Archbishop Wages Holy War With U.K. Startup

Photographer: Serena Taylor/Newcastle United via Getty Images

Founder and CEO of Wonga.com, Errol Damelin, speaks during a press conference in 2012. Close

Founder and CEO of Wonga.com, Errol Damelin, speaks during a press conference in 2012.

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Photographer: Serena Taylor/Newcastle United via Getty Images

Founder and CEO of Wonga.com, Errol Damelin, speaks during a press conference in 2012.

What do you do when a messenger of God hates your startup? The Church of England's leader, the Archbishop of Canterbury, has declared a holy war on online lender Wonga.

Archbishop Justin Welby told the British startup, which lends money at high interest rates to folks who can't get a bank loan, that he wants to "compete you out of existence," according to an interview with Total Politics magazine.

It's not the first time he's gone after Wonga. He has also said the startup violates the Bible's ban on usury. In the King James Bible, Chapter 23 of Deuteronomy forbids charging "thy brother" excessive interest on a loan, although sharking "unto a stranger" is OK. Go figure.

Lumping the six-year-old company with payday lenders, Welby said he wants to reinvigorate the U.K. credit-union system to provide an alternative to the kind of loans that carry annual interest rate percentages in the thousands. At first glance, Wonga's one of those, listing on its website that a 150-pound loan for 18 days would be charged an annual rate of 5,853 percent.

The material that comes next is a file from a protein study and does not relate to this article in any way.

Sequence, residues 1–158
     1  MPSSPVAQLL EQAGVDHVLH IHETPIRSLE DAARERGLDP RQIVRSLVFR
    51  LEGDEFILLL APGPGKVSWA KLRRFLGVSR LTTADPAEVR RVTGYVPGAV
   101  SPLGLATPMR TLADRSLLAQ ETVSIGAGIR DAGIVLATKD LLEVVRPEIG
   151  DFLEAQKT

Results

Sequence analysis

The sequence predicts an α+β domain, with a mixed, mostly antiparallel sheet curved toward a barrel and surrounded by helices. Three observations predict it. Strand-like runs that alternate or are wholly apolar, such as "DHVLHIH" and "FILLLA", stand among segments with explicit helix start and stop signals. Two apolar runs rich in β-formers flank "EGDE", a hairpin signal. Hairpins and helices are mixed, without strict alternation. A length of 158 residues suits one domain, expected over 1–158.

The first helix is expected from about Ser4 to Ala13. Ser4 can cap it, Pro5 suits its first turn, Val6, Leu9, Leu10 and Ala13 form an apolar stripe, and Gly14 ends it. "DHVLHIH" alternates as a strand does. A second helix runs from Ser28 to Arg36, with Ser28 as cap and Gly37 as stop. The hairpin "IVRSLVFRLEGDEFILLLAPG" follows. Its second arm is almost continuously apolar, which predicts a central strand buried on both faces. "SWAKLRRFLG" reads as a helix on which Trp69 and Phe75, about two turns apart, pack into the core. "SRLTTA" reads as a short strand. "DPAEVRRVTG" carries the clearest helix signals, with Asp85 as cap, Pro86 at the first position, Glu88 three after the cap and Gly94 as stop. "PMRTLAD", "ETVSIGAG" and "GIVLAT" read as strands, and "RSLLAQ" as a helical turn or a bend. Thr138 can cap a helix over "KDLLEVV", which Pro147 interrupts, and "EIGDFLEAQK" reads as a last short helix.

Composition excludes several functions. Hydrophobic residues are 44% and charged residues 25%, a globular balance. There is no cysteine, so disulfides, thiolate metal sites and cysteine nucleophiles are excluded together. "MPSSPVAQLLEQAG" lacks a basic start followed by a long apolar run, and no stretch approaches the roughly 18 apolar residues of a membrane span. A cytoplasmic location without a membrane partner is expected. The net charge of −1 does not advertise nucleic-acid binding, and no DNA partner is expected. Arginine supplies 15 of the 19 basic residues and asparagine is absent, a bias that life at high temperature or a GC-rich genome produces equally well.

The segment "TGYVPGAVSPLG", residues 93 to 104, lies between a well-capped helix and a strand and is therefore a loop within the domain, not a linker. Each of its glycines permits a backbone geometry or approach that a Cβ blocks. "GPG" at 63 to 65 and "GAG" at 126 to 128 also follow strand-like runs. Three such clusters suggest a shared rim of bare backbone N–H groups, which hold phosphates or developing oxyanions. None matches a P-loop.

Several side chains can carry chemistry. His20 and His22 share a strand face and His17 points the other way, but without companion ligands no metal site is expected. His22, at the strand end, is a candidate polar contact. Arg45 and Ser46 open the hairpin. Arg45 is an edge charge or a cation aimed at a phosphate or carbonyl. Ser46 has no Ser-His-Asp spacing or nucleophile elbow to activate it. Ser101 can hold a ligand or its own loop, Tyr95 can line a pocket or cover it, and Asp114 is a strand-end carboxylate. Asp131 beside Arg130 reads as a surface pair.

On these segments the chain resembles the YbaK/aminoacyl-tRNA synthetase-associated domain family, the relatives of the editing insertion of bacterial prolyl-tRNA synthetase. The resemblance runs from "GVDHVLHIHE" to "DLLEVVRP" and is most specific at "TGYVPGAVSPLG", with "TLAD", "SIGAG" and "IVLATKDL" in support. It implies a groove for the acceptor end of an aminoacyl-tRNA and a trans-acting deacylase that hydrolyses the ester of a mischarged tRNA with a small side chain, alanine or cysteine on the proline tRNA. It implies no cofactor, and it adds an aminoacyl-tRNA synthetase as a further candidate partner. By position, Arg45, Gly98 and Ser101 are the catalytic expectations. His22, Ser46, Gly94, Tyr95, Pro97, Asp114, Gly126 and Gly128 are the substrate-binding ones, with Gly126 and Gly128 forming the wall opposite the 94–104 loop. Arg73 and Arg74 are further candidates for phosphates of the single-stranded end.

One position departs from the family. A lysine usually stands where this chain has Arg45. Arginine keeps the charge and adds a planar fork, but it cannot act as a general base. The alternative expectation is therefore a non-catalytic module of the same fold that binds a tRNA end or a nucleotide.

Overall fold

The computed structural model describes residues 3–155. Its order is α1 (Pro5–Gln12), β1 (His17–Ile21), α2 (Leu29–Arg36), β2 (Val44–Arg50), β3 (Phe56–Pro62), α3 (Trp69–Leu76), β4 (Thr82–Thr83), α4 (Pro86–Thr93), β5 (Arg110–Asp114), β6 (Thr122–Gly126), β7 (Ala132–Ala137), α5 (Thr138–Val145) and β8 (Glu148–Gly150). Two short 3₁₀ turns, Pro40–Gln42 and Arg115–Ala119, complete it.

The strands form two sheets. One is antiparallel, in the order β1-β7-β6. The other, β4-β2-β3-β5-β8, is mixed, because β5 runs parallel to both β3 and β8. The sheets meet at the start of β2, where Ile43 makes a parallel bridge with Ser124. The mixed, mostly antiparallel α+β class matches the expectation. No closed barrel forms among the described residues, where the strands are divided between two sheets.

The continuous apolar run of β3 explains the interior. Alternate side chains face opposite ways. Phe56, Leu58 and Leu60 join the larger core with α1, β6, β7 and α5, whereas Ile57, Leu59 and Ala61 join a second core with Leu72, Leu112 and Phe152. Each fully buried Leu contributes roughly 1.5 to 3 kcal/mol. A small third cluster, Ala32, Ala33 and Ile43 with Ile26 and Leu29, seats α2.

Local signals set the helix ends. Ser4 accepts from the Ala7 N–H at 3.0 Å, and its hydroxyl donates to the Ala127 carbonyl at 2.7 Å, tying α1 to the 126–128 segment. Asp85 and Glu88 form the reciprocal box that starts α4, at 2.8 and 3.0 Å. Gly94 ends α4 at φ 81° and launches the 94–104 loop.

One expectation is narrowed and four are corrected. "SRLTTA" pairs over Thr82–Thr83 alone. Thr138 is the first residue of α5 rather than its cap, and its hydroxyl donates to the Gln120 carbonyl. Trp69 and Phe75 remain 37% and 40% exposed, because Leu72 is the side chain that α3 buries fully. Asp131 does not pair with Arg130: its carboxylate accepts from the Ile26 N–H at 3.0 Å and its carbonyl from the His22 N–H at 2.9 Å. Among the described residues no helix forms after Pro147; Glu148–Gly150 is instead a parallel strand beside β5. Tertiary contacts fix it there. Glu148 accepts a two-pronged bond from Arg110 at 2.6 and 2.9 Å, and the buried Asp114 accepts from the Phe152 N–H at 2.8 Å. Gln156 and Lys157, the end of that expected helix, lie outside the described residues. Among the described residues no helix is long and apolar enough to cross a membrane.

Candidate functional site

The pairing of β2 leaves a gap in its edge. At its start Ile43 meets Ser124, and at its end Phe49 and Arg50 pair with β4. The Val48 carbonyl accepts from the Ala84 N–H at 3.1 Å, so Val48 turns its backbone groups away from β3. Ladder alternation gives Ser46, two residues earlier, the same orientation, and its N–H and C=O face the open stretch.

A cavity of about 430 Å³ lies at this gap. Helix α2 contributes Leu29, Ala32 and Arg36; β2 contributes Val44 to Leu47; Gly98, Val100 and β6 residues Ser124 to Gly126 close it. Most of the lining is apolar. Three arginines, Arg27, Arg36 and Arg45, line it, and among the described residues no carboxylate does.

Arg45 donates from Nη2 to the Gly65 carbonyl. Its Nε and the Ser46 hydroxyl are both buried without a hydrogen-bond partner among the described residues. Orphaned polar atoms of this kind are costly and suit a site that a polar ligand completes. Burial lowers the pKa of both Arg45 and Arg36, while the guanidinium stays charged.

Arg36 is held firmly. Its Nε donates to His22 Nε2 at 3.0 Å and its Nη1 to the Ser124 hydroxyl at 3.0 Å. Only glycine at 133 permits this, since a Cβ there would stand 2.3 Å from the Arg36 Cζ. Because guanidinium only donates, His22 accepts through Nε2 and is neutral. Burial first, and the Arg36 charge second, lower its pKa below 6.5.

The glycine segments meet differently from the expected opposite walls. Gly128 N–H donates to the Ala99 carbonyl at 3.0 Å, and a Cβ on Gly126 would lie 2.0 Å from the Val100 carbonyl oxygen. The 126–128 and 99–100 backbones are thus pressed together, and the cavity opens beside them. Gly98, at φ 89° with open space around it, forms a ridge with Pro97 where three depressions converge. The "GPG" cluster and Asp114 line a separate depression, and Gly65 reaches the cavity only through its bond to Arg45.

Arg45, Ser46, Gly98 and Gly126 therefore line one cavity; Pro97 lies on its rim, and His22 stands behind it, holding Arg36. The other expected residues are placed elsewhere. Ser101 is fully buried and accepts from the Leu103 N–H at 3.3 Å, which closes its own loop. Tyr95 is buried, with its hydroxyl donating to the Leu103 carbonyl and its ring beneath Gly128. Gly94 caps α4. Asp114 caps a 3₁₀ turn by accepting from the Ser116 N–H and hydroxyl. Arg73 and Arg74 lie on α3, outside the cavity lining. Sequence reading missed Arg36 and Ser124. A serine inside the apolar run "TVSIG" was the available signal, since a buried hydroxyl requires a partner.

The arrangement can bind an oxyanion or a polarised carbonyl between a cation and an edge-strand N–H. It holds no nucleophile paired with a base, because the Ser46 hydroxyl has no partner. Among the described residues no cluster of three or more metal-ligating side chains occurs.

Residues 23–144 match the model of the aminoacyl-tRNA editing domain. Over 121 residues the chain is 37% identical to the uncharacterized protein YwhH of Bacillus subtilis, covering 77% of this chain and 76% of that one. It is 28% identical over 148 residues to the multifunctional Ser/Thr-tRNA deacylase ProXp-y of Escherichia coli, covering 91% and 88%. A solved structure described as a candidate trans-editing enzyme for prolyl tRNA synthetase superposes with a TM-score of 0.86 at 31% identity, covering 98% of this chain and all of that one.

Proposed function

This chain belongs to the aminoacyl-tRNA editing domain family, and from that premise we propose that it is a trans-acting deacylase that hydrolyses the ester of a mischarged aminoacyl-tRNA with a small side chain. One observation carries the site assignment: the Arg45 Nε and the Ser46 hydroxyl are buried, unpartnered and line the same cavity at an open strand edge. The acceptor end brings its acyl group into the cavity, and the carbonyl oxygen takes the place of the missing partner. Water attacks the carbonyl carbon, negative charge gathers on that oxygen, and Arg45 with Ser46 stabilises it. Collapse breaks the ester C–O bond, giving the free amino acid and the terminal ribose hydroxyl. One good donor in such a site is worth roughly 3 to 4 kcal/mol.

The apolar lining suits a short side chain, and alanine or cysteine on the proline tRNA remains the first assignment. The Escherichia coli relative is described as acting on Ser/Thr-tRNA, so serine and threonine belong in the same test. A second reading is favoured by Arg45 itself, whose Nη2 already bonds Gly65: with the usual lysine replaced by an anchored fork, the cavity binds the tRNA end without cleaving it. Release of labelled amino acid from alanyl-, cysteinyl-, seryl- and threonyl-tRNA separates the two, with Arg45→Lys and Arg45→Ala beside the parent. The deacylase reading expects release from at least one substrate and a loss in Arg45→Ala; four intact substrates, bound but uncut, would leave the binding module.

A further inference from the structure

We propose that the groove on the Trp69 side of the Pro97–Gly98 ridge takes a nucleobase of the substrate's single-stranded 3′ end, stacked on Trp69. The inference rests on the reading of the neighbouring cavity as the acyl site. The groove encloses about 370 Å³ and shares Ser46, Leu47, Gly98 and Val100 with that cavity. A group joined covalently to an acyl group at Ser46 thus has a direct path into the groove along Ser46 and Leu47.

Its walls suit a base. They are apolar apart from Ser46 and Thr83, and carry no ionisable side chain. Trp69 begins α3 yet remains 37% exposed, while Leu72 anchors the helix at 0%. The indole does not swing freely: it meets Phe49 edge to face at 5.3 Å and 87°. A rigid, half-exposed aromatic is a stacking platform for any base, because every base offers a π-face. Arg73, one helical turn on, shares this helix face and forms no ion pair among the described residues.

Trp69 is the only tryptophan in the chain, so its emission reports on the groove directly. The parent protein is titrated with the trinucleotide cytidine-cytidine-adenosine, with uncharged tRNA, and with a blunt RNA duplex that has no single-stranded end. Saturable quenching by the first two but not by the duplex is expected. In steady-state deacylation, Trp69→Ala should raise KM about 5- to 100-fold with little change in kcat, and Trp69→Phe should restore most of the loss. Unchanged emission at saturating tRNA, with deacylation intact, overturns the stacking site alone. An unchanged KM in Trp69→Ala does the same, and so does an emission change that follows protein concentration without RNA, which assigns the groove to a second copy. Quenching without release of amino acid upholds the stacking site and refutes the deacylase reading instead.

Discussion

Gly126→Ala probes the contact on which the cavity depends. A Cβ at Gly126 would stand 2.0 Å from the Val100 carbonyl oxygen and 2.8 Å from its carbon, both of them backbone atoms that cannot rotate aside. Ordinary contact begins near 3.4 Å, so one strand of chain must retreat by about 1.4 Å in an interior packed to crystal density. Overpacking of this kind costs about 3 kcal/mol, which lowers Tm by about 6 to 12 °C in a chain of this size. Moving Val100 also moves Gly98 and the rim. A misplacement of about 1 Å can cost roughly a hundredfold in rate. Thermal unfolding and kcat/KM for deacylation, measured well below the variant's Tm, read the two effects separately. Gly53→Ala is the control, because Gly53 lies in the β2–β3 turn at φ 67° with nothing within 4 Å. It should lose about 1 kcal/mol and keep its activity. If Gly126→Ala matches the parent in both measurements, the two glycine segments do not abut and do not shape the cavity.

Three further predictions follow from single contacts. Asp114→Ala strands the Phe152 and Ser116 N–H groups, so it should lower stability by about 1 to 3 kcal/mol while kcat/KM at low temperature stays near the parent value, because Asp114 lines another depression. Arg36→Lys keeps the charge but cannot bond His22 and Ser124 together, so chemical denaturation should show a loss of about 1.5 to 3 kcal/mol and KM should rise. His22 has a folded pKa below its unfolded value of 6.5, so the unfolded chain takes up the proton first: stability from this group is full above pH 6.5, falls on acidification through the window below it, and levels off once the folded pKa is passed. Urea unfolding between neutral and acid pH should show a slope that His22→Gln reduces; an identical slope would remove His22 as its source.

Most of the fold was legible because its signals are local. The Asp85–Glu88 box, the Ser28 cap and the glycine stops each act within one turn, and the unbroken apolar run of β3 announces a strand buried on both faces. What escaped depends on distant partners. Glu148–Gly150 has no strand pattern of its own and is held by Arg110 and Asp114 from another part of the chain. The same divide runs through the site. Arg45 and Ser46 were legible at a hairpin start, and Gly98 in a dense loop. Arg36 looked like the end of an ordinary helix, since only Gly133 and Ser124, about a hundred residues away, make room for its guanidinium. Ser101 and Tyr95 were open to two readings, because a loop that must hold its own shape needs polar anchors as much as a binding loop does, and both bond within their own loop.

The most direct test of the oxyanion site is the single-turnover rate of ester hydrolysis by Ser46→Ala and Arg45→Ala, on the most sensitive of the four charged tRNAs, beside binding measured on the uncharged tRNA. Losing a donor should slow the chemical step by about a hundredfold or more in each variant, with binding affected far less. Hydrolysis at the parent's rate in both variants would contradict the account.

But CEO Errol Damelin said Wonga is different because it prevents customers from accruing enormous bills over long periods of time. He said borrowers know right from the start just how much they're on the hook for -- no hidden fees -- and helps those who need a bit of money quickly. Very quickly. Wonga can send you the cash within 5 minutes of approval, according to the company.

In response to Welby, Wonga published "Ten Commitments," not on stone tablets, but in newspapers and on its blog. Among its vows, Wonga swore to show the cost of a loan before you apply, run a thorough credit check for every loan and allow early repayments at no extra cost.

The church has been working to form its own lender for clergy and other employees, with a tentative grand opening in fall 2014. The congregation may be less thankful to hear last week that the church's pension fund invests in Accel Partners, the venture-capital firm that counts Wonga among the tech companies it backs, according to the Financial Times.

All of which leaves Anglicans asking: How would Jesus lend?

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